Emetrix doesn't have an affiliate system but they
bear mentioning because they have made an effort
to integrate a number of the popular 3rd party
affiliate systems into their network. They have
told developers in their network that integration
for other 3rd parties is available upon request
should the developer sign up with them. Having
recently signed up with ShareASale and using Emetrix
for ordering I found the integration to be far
easier than I expected. I simply checked a box
in the Emetrix control panel and the integration
Cons to Emetrix - they don't have an affiliate
url example - depends on the 3rd party system
3rd Party Affiliate programs
Many merchants use established 3rd party affiliate
programs to manage and recruit affiliates. The
3rd party affiliate programs have large affiliate
bases and making it easier to recruit affiliates.
Their focus is affiliates and they traditionally
can track the number of visitors referred by affiliates
and the number of sales, so conversion can easily
be obtained. All allow you to optionally auto
approve affiliates or manually aprove or reject
affiliates. Affiliate commissions can typically
be adjusted for top producing affiliates and overall
their systems tend to be a little more flexible.
passing the customer to the merchants site for
Commission Junction's tracking is excellent but
their network is so large its easy for a small
merchant to be lost. Its also likely that smaller
developers will not have the highest ranking as
its based on volume. The initial sign up fee for
CJ is also likely to be out of reach for the majority
of small merchants (I believe $ 5,000). CJ Cons
- intitial expense and sheer size of network (both
pro and con)
CJ url example - http://www.qksrv.net/click-1144390-4129039
ClixGalore's network attracts a number of smaller
companies, and while their system is adequate
I found something that could affect merchants
abilities to attract affiliates. When its time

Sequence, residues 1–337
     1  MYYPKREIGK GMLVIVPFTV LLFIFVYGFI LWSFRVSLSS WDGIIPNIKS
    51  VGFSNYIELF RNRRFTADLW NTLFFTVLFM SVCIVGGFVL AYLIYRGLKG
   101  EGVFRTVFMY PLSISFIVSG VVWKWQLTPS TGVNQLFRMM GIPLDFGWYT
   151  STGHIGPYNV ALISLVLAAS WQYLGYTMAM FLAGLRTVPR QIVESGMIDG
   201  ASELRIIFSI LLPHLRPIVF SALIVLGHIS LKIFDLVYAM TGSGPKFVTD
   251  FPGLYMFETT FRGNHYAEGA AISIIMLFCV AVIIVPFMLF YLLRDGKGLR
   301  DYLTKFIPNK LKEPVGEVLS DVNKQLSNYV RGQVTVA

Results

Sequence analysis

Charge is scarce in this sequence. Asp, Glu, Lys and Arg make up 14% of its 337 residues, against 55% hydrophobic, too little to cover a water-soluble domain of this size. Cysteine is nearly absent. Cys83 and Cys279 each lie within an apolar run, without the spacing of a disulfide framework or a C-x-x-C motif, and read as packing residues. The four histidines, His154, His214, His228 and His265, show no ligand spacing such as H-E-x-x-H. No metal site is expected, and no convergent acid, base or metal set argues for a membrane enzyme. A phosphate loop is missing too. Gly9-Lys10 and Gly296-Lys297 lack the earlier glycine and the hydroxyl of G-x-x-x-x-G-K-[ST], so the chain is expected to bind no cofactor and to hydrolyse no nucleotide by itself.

to pay an affiliate ClixGalore will only pay via
PayPal, yet during the sign-up affiliates are
not told this. PayPal is not supported in all
countries and this could affect an affiliates
ability to be paid. Its likely they are unable
to support a network of ClixGalore - site is difficult
to navigate and payment options minimize ability
to attract international affiliates. ClixGalore
url example - http://www.clixgalore.com/PSale.asp?BID=2847&AfID=8764&AdID=597
info on ClixGalore
ShareASale has a growing network and while their
site navigation isn't intuitive, it has improved
slightly since I've joined their network. They
also offer a number of incentives for affiliates
to promote programs (they are currently running
url example - http://www.shareasale.com/r.cfm?B=3939&U=59703&M=1465
info on ShareASale
A number of developers have decided to do what
they do best, and create home grown affiliate
programs, the obvious pros are that the system
can be modified to meet a developers need, reporting
can be changed based on requests and the merchants
have complete control. The downside is the affiliate
program would be independent of any network and
the recruiting burden falls to the merchant. In
addition sometimes affiliates are hesitant to
trust a home grown system where the merchant is
responsible for the accounting. I've had mixed
luck with home grown affiliates some are great
some are not.
TO BE CONTINUED IN NEXT ISSUE....
Many developers have expressed an interest in
reading previous newsletters since the link is
a bit buried I thought I would include it in the